Denouncing corporations is easy. Using actual policy tools to hold them accountable and check their power is more difficult. Yet this is precisely what the National Farmers Union is pushing the Biden administration to do.

In late September, the NFU began its nationwide “Fairness for Farmers” campaign, which seeks to pressure the government to enforce antitrust laws and break up agribusiness monopolies.

Some may scoff at the prospect of challenging corporate power. But, in fact, the Biden administration has given some indication that it is willing to do so.

First, there was Biden’s executive order from earlier this year that mandated a thorough analysis and overview of supply chains, agriculture included, to determine weaknesses and places for improvement.

Let’s remember how the early days of the coronavirus pandemic put a surprisingly fragile food system on display. Dairy farmers were told to dump milk, and hog producers were urged to euthanize their animals, as consolidated supply chains proved incapable of meeting distribution bottlenecks caused by school, hotel and restaurant closings.

Billions had to be sent to farmers in relief—which, by the end of 2020, amounted to 40% of their income.

It’s this system, as documented in a report from the Open Markets Institute, that allowed the four largest poultry processing firms to go from controlling 35% of the market in 1986 to 51% in 2015. For beef, the market share of the top four companies shot up from 25% in 1977 to 85% in that same year. During that same period, the top four corn seed companies’ control of the market went from 59% to 85%.

According to University of Missouri professor Mary Hendrickson, when four firms occupy more than 45% of a market, we begin to see competition-killing, innovation-suffocating practices such as price fixing and rigging contracts.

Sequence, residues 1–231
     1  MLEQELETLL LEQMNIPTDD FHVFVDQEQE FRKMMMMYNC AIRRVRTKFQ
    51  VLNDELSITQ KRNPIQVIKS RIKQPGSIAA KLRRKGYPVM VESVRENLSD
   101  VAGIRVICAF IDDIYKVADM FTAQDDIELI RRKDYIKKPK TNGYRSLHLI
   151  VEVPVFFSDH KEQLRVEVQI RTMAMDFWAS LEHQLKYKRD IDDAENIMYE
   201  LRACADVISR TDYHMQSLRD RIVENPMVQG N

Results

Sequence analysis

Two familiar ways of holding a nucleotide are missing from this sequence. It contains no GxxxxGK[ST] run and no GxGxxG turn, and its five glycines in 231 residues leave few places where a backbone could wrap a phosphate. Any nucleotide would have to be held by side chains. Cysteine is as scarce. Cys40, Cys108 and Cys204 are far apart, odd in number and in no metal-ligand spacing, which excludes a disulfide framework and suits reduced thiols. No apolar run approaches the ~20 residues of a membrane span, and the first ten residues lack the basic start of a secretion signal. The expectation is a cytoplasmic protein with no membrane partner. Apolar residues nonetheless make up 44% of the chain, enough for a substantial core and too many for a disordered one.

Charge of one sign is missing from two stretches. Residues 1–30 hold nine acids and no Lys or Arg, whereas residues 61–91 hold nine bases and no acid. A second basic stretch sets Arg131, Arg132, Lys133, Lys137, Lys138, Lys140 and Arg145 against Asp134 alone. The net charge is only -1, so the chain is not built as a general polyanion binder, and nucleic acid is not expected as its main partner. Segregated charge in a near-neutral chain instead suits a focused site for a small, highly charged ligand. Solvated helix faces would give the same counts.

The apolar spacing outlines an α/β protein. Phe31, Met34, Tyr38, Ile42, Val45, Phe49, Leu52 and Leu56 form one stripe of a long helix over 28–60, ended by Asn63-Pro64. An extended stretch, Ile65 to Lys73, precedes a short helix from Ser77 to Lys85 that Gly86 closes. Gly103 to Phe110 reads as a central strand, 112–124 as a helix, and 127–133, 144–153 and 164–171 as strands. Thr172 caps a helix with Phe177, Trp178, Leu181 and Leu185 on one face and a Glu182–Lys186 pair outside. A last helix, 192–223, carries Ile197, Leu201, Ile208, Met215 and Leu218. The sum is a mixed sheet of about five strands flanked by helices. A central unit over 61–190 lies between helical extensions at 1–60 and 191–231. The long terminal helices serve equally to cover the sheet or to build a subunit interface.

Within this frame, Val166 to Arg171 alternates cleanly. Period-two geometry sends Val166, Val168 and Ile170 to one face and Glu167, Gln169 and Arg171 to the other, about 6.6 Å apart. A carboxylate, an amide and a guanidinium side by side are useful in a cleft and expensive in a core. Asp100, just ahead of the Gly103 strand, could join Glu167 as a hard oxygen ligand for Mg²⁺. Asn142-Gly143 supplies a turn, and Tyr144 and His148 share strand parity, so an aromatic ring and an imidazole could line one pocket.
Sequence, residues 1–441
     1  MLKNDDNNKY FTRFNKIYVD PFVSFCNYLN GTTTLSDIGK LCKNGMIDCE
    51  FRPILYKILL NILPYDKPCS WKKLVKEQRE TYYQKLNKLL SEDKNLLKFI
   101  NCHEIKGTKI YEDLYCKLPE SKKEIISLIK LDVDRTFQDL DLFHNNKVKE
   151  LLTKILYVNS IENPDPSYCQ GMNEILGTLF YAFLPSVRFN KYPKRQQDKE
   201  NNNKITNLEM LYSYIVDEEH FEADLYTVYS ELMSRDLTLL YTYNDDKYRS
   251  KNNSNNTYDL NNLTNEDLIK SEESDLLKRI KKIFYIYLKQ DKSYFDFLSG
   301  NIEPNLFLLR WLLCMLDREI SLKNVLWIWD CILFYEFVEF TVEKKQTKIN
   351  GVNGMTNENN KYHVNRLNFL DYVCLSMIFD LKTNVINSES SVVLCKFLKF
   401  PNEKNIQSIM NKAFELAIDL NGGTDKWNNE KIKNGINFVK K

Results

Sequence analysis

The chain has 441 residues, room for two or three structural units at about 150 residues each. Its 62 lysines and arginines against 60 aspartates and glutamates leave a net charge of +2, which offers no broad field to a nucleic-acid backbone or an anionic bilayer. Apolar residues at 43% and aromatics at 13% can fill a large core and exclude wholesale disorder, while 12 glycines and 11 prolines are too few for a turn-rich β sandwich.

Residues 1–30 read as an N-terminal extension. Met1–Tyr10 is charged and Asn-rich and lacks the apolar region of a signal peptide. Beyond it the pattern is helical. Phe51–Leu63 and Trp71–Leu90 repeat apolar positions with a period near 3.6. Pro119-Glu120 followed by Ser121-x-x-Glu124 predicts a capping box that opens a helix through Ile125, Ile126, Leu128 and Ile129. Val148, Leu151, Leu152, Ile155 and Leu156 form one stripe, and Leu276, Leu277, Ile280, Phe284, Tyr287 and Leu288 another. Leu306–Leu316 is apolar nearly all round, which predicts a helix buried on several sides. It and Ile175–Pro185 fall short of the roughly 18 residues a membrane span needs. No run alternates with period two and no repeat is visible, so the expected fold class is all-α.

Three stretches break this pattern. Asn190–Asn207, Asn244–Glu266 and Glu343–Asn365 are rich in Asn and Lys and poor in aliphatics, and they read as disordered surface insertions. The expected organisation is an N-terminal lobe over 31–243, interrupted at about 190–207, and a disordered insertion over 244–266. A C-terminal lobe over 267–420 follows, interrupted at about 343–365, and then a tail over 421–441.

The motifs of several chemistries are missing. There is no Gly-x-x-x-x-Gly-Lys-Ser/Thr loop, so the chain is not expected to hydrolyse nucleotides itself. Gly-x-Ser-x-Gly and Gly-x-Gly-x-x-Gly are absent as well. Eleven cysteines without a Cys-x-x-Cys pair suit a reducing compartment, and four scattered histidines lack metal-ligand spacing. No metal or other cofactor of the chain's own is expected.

In short, our food system has, in the span of a few decades, seen competition turn into collusion, with billionaires controlling agriculture.

In this regard, Biden has made some promising moves. Specifically, the president has chosen Lina Khan as chair of the Federal Trade Commission and Timothy Wu as a special adviser to the National Economic Council. Both are outspoken critics of big business, penning articles and books that place corporate consolidation at the core of democratic decline.

And U.S. Sen. Amy Klobuchar of Minnesota, the lead Democrat on the Judiciary Subcommittee on Antitrust, Competition Policy and Consumer Rights, has introduced sweeping legislation to reinvigorate the United States’ antitrust laws and restore competition to domestic markets.

Klobuchar’s bill calls for reinvigorating the nation’s pillars of antitrust law—namely, the Progressive Era Sherman, Clayton and Federal Trade Commission Acts. Passed in the early 20th century, these laws were created to investigate and punish anti-competitive practices including mergers, price fixing and rigging contracts.

Klobuchar’s bill would amend these laws, providing officials greater leeway to investigate and punish corporate malfeasance.

The call being sounded in these quarters for addressing corporate power should speak to every American. We need to wake up to the fact that fewer and fewer powerful actors are being allowed to dictate terms to farmers and consumers, to maximize profits. We need to challenge the powers enforcing barriers that stymie innovation and freedom.

Our food system can change for the better. It’s time to join the struggle and help the effort to make our agriculture system work better for everyone.

Anthony Pahnke is vice president for Family Farm Defenders and is an assistant professor of international relations at San Francisco State University.

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